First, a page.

The New York Times is drawing “a clear line” against the practice of news sources being allowed to approve quotations in stories after the fact.
The practice, known as quote approval, “puts so much control over the content of journalism in the wrong place,” the executive editor Jill Abramson told me in an interview. “We need a tighter policy.”
Times editors have been working on the policy for months, she noted — ever since a July story by Jeremy Peters revealed the practice as a widespread one that included many reporters.
The Times frames this as a line in the sand moment. David Carr explained why, the practice has grown by leaps and bounds to logical and unfortunate conclusions:
Now that it’s become clear that many journalists covering politics and government agree to quotation-approval as a condition of access, it’s tough not to see the pageant of democracy as just that: a carefully constructed performance meant to showcase the participants in the best light.
Journalism, as an art, has a few issues here. Carr rightly calls it a blunt technology, and later a transaction. Think about the next-to-last conversation you had with someone last night. Do you remember every precise word you said?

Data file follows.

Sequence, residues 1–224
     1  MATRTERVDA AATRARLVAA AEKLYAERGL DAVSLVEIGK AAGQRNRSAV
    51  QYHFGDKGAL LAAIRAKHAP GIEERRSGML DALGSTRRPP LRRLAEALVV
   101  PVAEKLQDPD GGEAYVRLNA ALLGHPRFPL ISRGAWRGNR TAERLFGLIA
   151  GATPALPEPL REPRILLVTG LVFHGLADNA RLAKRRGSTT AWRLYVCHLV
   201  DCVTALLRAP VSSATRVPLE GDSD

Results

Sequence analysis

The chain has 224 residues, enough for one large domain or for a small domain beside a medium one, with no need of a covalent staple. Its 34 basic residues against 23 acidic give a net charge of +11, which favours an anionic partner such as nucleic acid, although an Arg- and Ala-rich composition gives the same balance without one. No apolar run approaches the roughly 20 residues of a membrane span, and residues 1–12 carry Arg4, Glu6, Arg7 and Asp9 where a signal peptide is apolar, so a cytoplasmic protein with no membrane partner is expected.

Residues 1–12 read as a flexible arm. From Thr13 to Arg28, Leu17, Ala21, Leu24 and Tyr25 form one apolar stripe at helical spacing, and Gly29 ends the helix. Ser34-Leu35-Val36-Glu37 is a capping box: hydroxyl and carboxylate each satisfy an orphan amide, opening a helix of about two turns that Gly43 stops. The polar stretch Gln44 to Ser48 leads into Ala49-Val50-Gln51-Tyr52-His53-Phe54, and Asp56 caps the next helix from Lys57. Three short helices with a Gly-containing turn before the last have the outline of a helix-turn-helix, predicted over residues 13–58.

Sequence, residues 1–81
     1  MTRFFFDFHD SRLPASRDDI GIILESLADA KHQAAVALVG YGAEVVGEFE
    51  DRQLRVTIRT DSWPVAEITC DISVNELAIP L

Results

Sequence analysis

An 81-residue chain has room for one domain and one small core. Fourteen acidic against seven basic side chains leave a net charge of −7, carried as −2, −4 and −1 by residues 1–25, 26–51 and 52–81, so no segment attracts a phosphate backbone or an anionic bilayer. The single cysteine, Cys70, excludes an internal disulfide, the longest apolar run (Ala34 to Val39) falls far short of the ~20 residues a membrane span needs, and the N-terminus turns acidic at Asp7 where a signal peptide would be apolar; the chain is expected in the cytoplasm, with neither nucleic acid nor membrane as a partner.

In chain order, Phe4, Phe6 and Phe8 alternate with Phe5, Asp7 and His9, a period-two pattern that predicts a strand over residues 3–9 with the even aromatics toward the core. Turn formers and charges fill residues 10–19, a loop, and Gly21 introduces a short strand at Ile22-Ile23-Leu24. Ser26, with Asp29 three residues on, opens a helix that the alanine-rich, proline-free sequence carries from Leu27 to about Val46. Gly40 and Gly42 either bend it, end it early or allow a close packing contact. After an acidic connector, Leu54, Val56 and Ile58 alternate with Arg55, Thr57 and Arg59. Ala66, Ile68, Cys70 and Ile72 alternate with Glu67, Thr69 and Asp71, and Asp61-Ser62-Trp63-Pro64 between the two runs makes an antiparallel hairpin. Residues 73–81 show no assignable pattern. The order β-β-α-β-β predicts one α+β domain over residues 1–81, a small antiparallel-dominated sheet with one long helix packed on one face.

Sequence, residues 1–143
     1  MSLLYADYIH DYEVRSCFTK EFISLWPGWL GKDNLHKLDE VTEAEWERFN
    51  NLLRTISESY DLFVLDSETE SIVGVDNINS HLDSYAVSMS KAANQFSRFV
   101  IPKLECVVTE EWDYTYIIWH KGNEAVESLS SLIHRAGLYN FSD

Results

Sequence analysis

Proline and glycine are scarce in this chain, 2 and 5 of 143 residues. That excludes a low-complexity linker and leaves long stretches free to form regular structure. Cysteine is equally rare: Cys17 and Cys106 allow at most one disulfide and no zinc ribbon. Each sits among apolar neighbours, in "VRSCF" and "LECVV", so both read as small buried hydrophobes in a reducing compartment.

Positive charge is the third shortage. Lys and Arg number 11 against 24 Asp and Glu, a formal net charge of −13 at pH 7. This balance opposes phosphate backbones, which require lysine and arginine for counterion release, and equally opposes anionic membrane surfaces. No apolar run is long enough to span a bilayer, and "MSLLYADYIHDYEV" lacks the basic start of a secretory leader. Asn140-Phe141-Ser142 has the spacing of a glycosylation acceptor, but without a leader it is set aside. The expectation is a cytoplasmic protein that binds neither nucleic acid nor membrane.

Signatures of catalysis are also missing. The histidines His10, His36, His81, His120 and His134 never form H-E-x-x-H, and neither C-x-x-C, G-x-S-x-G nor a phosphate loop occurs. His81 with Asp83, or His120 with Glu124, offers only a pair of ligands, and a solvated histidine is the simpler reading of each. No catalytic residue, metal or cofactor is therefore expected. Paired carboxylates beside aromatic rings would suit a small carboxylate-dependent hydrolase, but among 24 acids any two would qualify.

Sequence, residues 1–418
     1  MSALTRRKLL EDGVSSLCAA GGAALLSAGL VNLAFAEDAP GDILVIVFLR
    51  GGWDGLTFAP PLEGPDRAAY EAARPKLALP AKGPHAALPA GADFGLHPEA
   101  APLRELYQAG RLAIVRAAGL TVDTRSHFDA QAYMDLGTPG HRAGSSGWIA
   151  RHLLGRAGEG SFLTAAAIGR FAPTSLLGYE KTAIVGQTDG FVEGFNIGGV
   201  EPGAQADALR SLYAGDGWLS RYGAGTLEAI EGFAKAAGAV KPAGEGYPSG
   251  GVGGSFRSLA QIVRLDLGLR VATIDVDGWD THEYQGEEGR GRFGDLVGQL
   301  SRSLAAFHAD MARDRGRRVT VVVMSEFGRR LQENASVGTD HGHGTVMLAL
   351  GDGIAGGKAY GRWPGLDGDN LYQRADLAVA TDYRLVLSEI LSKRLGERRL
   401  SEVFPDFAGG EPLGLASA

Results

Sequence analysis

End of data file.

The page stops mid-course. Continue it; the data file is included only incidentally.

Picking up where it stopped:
Two years ago a Crimson reporter got a mean-spirited email from someone who insisted she did not say the thing that the reporter had her saying in the story. The reporter nicely wrote her back, CCed me, and attached the mp3 of the conversation. “Listen,” the reporter wrote “at the 13:24 mark.”
The quote, as said, appeared word for word in the story. There wasn’t much the source could say at that point. Keep your notes, tape those quotes.
This issue, when it creeps up, is not about the exact phrasing so much as a reader’s perception, that’s what your sources are trying to protect if they insist on quote approval.
By the way, if a source asks for that power, say “No.”